On page four you will find:
“Receipts of producer milk during July 2009 totaled 231.4 million pounds, 13.0 million pounds less than was pooled in July of last year. Florida producers supplied 164.0 million pounds of milk in June 2009 or 74.07% of the total producer milk pooled in Florida. In June 2008, Florida producers supplied 65.77% of producer milk pooled on the Florida market.”
What that means is that almost 35% of the milk pooled in Florida came from outside the order.
On page 6, you will find that the “touch base” days for July 2009 is just ten days. In other words the milk pooled on the Florida order only has to come to Florida 10 days to have all the July milk pooled on the order.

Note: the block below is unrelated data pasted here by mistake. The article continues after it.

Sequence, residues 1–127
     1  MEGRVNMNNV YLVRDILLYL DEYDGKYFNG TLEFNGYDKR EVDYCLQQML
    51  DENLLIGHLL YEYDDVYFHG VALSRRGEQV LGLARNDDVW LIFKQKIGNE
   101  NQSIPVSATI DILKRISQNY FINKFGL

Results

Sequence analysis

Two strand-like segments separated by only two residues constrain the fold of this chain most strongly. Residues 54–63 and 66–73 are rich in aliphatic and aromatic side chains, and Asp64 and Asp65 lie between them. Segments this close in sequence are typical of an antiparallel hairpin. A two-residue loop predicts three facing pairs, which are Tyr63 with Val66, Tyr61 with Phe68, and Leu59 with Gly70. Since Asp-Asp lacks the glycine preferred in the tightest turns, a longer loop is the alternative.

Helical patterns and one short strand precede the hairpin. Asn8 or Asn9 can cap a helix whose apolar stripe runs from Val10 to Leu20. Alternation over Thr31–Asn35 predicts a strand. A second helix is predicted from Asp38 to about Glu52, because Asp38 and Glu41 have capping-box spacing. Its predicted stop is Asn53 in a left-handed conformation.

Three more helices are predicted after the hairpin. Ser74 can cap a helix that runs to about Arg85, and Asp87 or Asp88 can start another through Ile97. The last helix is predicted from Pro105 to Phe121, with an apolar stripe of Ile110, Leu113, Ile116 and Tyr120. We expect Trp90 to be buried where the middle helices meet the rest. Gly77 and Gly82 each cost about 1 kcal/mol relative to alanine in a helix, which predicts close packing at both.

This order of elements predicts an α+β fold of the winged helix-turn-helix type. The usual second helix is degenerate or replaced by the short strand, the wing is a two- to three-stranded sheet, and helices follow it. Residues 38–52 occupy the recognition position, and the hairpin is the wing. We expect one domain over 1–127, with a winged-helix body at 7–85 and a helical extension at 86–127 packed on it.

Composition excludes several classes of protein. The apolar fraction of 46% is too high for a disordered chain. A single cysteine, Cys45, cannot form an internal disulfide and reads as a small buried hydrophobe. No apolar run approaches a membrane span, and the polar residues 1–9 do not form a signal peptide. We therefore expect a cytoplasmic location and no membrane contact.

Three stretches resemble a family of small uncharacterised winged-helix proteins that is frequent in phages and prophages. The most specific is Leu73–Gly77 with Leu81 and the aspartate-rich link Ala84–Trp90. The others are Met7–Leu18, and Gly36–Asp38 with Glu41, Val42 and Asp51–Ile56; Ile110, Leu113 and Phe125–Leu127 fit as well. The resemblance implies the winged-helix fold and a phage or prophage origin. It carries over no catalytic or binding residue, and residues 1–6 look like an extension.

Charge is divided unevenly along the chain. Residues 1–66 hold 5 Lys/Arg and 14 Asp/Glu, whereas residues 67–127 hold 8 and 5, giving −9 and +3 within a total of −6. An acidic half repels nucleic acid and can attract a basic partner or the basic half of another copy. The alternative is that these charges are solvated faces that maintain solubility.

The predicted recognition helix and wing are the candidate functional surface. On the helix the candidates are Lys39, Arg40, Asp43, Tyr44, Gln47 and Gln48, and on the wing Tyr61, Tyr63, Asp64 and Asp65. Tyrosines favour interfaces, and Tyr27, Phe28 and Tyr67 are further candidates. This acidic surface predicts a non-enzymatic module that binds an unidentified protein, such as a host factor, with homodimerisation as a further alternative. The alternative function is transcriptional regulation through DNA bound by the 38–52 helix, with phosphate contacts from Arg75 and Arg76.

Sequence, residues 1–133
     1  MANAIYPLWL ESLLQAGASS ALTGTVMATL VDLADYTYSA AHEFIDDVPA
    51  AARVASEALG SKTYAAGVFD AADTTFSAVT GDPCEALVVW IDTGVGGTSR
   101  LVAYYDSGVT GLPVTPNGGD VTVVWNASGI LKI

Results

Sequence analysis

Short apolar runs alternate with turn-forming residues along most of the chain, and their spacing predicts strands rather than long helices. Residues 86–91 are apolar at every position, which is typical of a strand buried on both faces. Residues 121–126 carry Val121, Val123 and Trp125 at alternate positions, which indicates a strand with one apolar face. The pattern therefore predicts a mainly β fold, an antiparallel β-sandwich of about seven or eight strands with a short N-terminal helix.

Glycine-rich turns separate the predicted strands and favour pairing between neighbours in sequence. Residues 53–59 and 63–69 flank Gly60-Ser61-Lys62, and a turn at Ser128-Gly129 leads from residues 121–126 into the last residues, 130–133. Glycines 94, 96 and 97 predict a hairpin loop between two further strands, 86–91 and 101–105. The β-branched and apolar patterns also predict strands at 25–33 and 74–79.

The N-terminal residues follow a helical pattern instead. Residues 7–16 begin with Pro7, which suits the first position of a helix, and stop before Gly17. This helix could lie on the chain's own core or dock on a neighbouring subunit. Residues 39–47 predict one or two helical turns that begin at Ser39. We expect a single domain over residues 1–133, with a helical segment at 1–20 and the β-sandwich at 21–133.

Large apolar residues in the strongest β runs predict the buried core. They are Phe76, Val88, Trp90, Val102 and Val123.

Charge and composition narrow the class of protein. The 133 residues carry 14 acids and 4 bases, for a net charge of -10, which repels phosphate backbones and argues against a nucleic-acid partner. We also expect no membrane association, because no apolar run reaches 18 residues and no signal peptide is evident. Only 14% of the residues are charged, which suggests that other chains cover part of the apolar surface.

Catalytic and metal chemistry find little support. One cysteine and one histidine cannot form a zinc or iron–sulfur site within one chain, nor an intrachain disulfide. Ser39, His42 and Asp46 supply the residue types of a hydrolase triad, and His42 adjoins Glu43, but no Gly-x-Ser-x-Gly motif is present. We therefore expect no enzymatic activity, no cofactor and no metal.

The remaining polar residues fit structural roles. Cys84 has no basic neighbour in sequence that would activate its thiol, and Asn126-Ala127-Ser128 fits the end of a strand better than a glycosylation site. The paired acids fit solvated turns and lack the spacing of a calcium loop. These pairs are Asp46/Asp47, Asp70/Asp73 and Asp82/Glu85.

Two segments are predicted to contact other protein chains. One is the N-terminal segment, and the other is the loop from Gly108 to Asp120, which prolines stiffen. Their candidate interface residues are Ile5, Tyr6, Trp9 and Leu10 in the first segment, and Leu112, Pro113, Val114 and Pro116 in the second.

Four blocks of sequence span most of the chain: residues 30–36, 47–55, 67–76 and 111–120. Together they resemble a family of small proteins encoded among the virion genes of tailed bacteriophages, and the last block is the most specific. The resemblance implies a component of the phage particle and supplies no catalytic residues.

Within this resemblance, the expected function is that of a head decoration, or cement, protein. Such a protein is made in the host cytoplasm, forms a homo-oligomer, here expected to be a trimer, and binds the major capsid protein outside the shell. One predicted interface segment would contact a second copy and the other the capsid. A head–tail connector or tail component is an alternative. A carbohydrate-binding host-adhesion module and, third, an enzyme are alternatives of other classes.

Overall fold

In any event, more than 93 million pounds of milk was pooled on Florida from outside Florida. Some came, no doubt, from Southern Georgia –order 7- where some other games are played.
In 2008, for example, there were 18 farms from Indiana pooled on the Atlanta order. There were 105 farms from Kansas pooled on FMMO7. From Texas there were 227 farms pooled on order 7. The list goes on.
Then, according to Dairy Market News, more than 28 million pounds of milk was shipped North from Florida in July 2009.
This is all gaming the system for someone’s financial benefit. When the milk finally gets to the consumer, you might as well say the consumer is eating oil.